One Thing I’ve Learned In My First 11 Years Of Parenting

December 2004. I was 14 months into married life and 3 months pregnant. I was hardly sporting anything resembling a baby bump. Mostly, I looked like I had eaten one too many tacos, but I posed for a profile photo with my hands cradling my stomach. We were enjoying a vacation with my parents and brother in Florida. On a lazy afternoon, Nathan and I found ourselves at a a used book store. That’s where I found my first parenting book: The Baby Whisperer. It didn’t take me long to read the book. I took it all in and was confident that I was now prepared to be the best mother with the most agreeable baby.


(I would be super happy if my stomach was this small right now)

I loved the books. I poured over What To Expect When You’re Expecting. I bought Nathan a book for father’s-to-be. I would check off all my pregnancy milestones as I devoured all the pregnancy and parenting books: morning sickness, super-human sense of smell, inability to stay awake through any movie or TV show while sitting at the couch at night, and irrational weeping at random times. I was by- the- book and fully expected my child to be as well.

On a WalMart trip, 7 1/2 months into this pregnancy, I triumphantly held up a new parenting book I hadn’t noticed previously. It was What To Expect The First Year. I had to have it. Could I please get it? Nathan agreed because it gave him leverage to pick up a new science fiction book for himself. That moment in WalMart was the very last by-the-book moment of my, thus far, short parenting career. A couple of hours later I was checking into the L&D floor of our hospital at 33 weeks and 4 days pregnant.

One day later, after giving our best effort with modern medicine, to convince this baby to be patient, I brought forth my first born son and wrapped him in a swaddling blanket and laid him in an incubator. . . sorry, the church-girl brain took over for a moment.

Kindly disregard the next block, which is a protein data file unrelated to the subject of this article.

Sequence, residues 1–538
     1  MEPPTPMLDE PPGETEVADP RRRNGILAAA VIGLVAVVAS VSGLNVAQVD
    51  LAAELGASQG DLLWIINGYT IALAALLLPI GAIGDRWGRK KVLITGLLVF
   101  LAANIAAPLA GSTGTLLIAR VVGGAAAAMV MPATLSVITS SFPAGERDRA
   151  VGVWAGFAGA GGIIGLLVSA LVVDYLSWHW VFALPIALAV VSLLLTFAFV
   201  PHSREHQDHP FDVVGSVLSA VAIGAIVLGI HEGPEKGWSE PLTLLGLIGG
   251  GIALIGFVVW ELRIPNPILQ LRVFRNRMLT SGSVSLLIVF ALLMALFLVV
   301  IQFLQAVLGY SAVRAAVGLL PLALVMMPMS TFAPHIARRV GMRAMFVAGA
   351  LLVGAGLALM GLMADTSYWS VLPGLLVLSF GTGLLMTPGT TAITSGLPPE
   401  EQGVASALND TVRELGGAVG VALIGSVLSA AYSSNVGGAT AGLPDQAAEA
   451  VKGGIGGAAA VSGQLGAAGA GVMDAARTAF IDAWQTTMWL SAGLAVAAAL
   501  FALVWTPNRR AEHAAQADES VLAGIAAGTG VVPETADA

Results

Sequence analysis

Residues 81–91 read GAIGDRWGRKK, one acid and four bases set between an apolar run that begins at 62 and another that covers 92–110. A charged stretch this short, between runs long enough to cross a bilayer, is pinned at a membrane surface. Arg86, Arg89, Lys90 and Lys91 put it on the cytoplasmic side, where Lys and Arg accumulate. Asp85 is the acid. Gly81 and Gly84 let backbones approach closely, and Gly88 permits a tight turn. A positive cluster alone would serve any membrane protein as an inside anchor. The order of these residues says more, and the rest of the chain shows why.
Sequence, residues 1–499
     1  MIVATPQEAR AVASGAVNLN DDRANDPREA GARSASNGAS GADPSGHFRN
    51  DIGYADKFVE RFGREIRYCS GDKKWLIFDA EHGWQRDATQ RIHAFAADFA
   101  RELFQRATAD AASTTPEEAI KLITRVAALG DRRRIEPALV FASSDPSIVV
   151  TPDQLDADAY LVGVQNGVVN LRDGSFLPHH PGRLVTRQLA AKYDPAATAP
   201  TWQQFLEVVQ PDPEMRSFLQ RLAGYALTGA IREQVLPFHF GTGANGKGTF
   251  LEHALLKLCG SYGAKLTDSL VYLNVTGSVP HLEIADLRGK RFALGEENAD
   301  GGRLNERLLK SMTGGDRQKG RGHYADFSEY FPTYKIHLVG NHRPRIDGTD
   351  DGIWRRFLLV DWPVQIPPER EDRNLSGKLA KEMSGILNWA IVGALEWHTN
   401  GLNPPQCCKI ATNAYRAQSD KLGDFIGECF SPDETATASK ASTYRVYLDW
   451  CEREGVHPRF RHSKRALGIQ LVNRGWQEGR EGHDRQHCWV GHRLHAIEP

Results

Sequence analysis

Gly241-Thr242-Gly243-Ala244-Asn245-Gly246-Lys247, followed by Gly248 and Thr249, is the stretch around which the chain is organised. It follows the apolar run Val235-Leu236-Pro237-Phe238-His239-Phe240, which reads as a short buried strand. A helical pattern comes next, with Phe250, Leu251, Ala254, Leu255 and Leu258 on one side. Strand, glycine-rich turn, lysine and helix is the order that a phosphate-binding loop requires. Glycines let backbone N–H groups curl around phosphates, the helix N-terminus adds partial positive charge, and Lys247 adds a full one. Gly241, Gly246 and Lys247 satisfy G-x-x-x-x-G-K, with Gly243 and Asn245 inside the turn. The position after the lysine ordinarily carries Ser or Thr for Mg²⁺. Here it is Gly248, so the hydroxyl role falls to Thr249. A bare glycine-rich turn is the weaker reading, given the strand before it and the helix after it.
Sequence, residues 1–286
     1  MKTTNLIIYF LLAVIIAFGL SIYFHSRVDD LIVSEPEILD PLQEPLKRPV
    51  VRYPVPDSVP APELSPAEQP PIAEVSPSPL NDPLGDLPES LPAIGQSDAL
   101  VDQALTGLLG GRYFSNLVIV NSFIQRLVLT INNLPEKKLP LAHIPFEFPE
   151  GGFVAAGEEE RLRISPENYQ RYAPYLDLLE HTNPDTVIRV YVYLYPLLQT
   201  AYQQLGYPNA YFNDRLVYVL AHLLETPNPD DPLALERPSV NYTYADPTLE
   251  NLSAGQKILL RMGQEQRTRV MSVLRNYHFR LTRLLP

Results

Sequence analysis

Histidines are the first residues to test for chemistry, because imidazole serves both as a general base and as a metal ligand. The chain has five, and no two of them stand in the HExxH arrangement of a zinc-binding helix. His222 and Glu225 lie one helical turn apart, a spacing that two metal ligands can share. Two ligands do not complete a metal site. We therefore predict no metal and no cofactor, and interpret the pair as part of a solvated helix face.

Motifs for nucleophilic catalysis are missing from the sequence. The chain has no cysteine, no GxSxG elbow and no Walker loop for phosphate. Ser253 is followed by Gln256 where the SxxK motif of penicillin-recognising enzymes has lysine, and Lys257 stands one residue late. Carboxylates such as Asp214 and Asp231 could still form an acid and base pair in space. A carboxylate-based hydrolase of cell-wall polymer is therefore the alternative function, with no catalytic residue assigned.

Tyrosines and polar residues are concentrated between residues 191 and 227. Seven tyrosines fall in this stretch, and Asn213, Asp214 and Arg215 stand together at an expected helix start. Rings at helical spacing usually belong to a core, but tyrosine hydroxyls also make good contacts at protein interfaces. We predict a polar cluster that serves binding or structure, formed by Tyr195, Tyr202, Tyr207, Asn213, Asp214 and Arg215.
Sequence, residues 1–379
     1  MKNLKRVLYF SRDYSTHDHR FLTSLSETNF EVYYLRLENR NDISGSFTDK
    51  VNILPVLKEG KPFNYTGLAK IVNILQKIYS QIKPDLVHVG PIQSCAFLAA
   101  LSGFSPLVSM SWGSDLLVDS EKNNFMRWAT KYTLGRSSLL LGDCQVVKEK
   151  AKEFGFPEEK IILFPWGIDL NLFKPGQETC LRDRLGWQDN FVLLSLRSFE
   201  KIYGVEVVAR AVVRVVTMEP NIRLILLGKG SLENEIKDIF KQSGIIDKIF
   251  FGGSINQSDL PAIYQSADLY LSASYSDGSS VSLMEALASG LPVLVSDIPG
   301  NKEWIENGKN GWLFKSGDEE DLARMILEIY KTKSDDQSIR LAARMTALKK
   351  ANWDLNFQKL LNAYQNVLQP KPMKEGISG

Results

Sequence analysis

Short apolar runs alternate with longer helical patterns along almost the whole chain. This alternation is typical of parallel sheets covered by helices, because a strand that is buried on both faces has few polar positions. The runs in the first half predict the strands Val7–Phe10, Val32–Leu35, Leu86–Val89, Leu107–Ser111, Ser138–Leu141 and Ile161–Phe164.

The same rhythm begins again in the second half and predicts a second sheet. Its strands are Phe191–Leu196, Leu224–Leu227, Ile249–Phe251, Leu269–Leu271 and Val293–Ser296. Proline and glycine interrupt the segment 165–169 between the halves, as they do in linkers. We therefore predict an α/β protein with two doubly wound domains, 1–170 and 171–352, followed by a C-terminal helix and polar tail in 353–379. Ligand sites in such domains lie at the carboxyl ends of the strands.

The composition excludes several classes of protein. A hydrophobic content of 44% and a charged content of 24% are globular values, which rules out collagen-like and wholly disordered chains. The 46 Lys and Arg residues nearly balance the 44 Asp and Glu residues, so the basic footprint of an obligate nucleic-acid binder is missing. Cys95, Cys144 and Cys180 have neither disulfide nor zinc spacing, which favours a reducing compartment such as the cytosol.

Ethan, in his tiny 4 lb, 11 oz body, was about to teach me some great big lessons.

The biggest lesson is this one:

Parenting is hard. Your baby is going to rock your world in the most amazing and wonderful and horrible ways. He might be a dreamy, easy baby. She might scream a lot and love to party in the middle of night while you husband does laps around the kitchen island to keep her quiet. In the end, the way God put your child together, and their own ideas about life are going to trump any parenting book you read.


Every day is a new chance for me to learn that I can only control myself. I offer lots of incentives to my kids to move them in the direction I want them to go, but their own little feet have to decide to walk that way. That’s hard for someone who likes control.

Maybe this is one way God reminds us to stay humble and on our knees. I know that’s been the case in this house. 11 years and I alternate between feeling crazy in love with my kids and driven crazy by their choices.

Happy Birthday, Ethan. I love you and am so proud of who you are and who you’re growing to be.


(I love how Ethan loves his little brother!)

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